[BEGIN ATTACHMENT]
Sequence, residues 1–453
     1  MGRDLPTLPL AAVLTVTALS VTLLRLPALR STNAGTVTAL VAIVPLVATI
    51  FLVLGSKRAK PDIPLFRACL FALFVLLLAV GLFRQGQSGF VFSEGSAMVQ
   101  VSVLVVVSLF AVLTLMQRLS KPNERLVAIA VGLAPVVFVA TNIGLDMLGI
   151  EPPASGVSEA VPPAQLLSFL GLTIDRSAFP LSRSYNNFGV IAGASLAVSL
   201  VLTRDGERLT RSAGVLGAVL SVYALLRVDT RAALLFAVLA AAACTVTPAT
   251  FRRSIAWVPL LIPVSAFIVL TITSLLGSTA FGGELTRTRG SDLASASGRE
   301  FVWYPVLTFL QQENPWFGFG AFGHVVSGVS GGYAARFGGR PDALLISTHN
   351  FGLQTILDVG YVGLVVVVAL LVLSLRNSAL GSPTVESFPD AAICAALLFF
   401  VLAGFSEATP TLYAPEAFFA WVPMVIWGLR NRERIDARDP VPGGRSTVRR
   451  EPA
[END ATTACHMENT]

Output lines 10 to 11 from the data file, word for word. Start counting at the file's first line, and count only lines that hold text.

   401  VLAGFSEATP TLYAPEAFFA WVPMVIWGLR NRERIDARDP VPGGRSTVRR
   451  EPA